Trout VS Salmon VS Tuna means calories and nutrition in trout, compared to salmon, compared to tuna, let’s go! You might have read our post on the best 3 fish you can eat and thought: “How does salmon compare to trout and tuna?”. It is a natural question, considering that salmon and trout are sometimes mistaken for one another, and tuna shares a lot of the characteristics of both. Well, read on to see how these three popular fish stack up nutritionally.
Calories in Trout, Salmon, and Tuna
The calorie differences between these three species proves that fish are not food equivalent to one another. Salmon has 209 calories per 100 grams, whilst Trout has 154, and Tuna 103. Putting those numbers into perspective, you can eat more than twice as much tuna as salmon for the same calories! Trout has about 35% fewer calories than salmon, and about 50% more calories than tuna. The big takeaway here is that if you are strictly counting your calories and choosing between equal weights of tuna and salmon, take the tuna.
Tuna, Trout, and Salmon Protein
Fish is an excellent source of protein, but which fish out of tuna, salmon, and trout has more? It turns out that they are much of a muchness in this case. Tuna leads with 23g protein per 100g, followed by salmon with 21g/100g, and trout with 20g/100g. The protein difference on a weight-for-weight basis between tuna and trout is just 15%, in tuna’s favour. If you are targeting protein and need to make a fish choice for dinner, just follow your tastebuds.
Fat Content of Salmon, Trout, and Tuna
The fat from fish is high in omega-3 fatty acids, which fight inflammation and may help heart health. Here, there is a stark difference between trout, tuna, and salmon. Salmon, at 14g per 100g, leads in fat content. Trout follows with 42% less fat (8g/100g), whilst tuna lags with a skinny 1g of fat per 100g of edible weight. Tuna is much leaner than salmon and trout. You would have to eat 14 times more tuna than salmon to get the same amount of fat!
Is Trout healthier than Salmon?
In a word, no. Trout is not healthier than salmon because it typically contains less of the valuable omega-3 fatty acids found in the fat of both salmon and trout. Bear in mind that the words “salmon” and “trout” are not scientific classifications. What we call Rainbow Trout and Pink Salmon are actually in the same genus (family) called Oncorhynchus. Brown Trout and Atlantic Salmon, on the other hand, are both in the genus called Salmo. As with so many other fish, the names get confused and swapped around depending on time and location. For example, in China all trout are called salmon.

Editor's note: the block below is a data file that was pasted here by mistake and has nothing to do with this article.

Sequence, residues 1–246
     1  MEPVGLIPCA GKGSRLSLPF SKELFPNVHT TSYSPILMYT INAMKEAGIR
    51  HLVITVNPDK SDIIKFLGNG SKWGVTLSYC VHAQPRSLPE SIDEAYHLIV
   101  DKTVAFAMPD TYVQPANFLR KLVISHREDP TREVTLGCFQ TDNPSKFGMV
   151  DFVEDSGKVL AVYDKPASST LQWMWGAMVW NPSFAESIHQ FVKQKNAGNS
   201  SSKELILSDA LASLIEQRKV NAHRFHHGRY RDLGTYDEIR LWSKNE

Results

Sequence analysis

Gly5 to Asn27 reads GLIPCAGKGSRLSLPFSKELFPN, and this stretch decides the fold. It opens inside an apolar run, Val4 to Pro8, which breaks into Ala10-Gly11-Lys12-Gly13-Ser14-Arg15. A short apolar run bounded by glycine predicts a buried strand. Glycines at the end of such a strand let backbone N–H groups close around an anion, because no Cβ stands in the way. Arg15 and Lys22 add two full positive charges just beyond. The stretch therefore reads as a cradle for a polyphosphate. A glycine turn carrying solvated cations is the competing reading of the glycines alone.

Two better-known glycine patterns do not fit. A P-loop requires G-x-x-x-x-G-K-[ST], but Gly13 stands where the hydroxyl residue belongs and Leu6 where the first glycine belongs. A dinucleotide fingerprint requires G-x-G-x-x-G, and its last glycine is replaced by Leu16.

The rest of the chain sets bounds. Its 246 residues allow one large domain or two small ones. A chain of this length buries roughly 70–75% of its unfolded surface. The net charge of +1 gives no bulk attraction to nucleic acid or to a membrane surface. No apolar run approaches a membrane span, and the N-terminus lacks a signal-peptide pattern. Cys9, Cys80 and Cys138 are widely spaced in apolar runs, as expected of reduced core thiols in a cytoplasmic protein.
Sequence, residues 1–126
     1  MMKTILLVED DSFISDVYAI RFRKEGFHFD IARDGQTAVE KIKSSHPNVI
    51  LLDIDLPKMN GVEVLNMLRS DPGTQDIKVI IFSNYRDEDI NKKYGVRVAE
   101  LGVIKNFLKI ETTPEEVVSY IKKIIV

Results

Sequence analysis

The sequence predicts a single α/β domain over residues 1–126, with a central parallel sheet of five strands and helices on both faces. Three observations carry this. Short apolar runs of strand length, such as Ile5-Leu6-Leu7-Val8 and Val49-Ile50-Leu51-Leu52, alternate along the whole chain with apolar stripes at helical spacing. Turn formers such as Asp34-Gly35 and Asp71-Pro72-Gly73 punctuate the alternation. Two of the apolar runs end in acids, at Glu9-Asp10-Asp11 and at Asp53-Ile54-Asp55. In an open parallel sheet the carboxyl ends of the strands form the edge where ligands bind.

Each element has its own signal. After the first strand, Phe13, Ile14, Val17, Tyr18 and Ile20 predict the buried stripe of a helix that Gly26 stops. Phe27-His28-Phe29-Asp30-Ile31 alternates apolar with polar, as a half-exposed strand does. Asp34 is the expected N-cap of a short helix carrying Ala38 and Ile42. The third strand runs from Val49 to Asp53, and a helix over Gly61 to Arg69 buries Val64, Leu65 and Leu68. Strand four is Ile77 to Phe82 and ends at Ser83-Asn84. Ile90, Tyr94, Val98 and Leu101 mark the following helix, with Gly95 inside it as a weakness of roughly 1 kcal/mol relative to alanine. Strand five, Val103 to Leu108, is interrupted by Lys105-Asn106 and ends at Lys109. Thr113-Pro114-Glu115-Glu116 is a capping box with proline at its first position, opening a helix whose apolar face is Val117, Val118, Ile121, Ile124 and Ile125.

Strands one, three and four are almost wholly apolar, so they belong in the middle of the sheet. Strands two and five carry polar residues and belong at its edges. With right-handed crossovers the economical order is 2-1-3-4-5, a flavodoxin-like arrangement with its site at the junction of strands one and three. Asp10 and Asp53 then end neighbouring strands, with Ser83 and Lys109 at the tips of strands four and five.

Tuna VS Salmon VS Trout Mercury
Tuna, salmon, and trout all accumulate heavy metals like mercury from the food they eat. Being near the top of their food chains, they are the second last stop for mercury as it passes from plankton to predator from its starting point in volcanoes and geothermal vents. Mercury concentration is measured in PPM (Parts-Per-Million). Tuna, with 0.391PPM, contains far more mercury than either salmon or trout. Trout has 0.071PPM, whilst salmon has 0.014PPM. Whilst it is generally accepted that the benefits of eating fish outweighs the risk of mercury poisoning, studies like this one show that there is no healthy level of mercury for humans. Given a choice between these three fish, choose salmon to reduce your mercury intake.
What Tastes Better, Salmon, Trout, or Tuna?
When it comes to taste, in our opinion, salmon wins hands down. It is a versatile fish which can be prepared successfully in so many ways, from pan-searing, to baking, to grilling and even steaming. The problem with tuna is that it can dry out quickly when cooking, due to the low-fat content. Tuna tastes “cleaner” than salmon and trout, but it can be chewy when overcooked (it is easily overcooked). Trout, on the other hand, can have an inconsistent texture and flavour, depending on its growth environment. Maybe we have just had one too many muddy-tasting trout to be convinced that it can hold a candle to salmon.
That said, choice cuts from all three fish make excellent sashimi and sushi. They’re also not bad in canned form. Use our Food Search Box to compare brands!